Interview with Author Ashley Herring Blake

Ashley Herring Blake is an award-winning author and literary agent at Rees Literary Agency. She is the author of six novels for young adults and middle grade readers, as well as the adult romance novel Delilah Green Doesn’t Care. She lives on a very tiny island off the coast of Georgia with her family. I had the opportunity to interview Ashley, which you can read below.

First of all, where did you first discover your love of writing? What stories made you fall in love with the art of storytelling itself and when did you realize that was something you could do as well? 

I’m not sure exactly when I discovered writing, but I do remember that I’ve always done it. Poetry, little stories when I was a kid, it was always a part of my life. I didn’t really think I could do it for real as an author until I was past 30 years old. I was at a point in my life where I really wanted to go for everything I wanted, so I devoted myself to trying to write fiction. It worked out pretty well, I think. 🙂 

How would you describe your crafting style? How do you go about writing on a continual basis while balancing day-to-day life or stresses? 

I think of my craft as a connect-the-dots method. I know the big plot points I’m going to hit, where my character starts and ends, but how I get to each major plot point, I don’t plan out. I connect those dots as I go. I have two other jobs other than writing, so balance is key. I’m not always actively writing, but when I am, I try to write a little each day, or I set a weekly word count goal and make sure I hit it by Sunday, but day-to-day goals work best for me. And I stop pretty soon after hitting the goal–I don’t push it, I just do what I can each day.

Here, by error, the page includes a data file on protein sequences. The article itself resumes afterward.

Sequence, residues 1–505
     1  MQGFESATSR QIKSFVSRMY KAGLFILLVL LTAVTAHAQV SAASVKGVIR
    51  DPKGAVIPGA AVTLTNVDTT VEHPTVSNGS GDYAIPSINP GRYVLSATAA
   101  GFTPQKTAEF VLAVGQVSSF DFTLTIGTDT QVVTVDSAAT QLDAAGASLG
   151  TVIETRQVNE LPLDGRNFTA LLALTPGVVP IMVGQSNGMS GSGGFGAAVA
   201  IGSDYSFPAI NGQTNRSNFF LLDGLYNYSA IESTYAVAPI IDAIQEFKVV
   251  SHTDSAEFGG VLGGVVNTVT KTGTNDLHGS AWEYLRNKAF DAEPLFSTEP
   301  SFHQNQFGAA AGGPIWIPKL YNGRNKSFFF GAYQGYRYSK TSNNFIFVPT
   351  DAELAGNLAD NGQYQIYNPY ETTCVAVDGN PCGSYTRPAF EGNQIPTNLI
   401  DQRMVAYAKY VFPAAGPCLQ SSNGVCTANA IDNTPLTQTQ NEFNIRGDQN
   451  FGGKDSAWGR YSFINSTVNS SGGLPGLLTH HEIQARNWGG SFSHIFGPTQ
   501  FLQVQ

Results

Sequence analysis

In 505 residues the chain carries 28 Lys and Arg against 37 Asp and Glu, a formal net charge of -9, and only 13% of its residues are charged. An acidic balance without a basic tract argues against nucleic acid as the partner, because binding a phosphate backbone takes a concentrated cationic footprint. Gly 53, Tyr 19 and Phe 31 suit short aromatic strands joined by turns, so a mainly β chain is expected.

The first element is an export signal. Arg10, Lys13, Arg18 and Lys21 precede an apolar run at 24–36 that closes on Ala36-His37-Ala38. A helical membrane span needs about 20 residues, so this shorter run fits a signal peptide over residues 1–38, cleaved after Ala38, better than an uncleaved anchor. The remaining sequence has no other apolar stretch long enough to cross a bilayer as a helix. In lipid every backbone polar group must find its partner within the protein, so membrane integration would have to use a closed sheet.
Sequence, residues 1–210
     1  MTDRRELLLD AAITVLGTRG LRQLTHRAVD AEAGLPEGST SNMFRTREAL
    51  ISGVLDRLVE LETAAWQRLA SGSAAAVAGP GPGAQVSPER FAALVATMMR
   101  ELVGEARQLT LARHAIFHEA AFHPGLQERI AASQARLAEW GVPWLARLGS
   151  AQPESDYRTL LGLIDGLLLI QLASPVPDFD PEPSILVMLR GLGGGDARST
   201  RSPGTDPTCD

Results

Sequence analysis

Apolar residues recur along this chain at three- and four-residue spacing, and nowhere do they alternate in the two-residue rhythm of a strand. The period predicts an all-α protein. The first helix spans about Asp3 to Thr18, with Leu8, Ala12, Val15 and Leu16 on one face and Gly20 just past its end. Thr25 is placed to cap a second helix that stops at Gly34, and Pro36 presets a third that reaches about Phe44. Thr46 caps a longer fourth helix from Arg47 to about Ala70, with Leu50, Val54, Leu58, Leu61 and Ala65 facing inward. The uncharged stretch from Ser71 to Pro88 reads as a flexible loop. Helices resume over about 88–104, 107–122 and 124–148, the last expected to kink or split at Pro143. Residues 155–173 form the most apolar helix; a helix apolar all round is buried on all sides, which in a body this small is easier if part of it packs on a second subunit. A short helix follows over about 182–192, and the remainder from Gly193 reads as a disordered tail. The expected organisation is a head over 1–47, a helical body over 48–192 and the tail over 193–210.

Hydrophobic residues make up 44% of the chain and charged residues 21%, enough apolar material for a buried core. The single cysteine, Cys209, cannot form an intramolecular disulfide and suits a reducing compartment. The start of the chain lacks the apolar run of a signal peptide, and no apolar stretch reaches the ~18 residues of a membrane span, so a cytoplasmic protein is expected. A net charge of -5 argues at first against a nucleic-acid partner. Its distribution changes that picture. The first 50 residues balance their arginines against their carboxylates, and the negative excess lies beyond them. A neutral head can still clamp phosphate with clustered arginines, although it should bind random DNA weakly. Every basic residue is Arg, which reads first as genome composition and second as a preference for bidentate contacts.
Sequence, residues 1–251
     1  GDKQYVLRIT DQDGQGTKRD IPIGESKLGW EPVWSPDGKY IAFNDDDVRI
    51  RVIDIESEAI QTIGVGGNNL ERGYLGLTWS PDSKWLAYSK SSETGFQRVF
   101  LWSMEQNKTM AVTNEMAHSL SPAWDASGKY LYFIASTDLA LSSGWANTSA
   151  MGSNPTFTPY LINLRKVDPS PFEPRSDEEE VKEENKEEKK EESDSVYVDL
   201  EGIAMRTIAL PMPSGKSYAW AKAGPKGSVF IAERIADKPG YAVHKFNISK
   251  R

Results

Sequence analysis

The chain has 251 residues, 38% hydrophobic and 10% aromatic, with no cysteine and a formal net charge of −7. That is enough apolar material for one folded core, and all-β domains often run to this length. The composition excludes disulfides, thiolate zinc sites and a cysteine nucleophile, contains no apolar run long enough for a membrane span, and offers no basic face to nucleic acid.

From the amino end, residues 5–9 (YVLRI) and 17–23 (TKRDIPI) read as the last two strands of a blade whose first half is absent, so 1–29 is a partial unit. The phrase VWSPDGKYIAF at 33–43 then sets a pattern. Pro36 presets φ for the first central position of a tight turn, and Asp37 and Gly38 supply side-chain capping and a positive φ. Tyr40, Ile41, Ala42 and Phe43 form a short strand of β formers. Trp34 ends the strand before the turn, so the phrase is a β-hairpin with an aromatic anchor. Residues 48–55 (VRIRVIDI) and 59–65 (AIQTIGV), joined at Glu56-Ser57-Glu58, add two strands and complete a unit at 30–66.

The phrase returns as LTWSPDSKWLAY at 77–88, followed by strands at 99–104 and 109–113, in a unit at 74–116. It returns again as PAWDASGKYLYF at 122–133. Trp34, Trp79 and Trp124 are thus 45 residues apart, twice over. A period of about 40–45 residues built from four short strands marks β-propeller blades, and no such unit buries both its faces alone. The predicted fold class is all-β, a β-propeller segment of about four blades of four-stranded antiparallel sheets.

Where do you find your story ideas? Are there any particular sources you go to draw inspiration from, i.e. movies, authors, etc.? 

I don’t know specifically where I get my story ideas and there’s not a set place I get inspiration from. Really, and simply put, I write the kinds of stories I’d like to read.

Two of your recent books, The Mighty Heart of Sunny St. James and Ivy Aberdeen’s Letter to the World stand out as two additions to the field of LGBTQ+ Middle Grade. What is your take on this still growing field and the importance of younger queer representation? 

I think it’s extremely important. Even since writing IVY, there have been so many more queer middle grade books released, which is wonderful. We still need more though, particularly from authors of color. We also need a variety of queer experiences and intersections. We need coming out stories and stories where queerness is simply part of the character’s life already. We need queer stories with diabled characters, neurodiverse characters, and characters of color. 

One of the lovely themes I noticed in your book The Mighty Heart of Sunny St. James, was how the physical struggles paralleled the protagonist’s internal struggle, i.e. Sunny’s heart troubles paralleling her emotional vulnerability or ability to be “open with her heart.” Was this intentional? 

I’d like to think it was. 🙂 I think more often than not, external events do mirror internal events, even in real life, so I think it’s only natural that that comes out in fiction as well.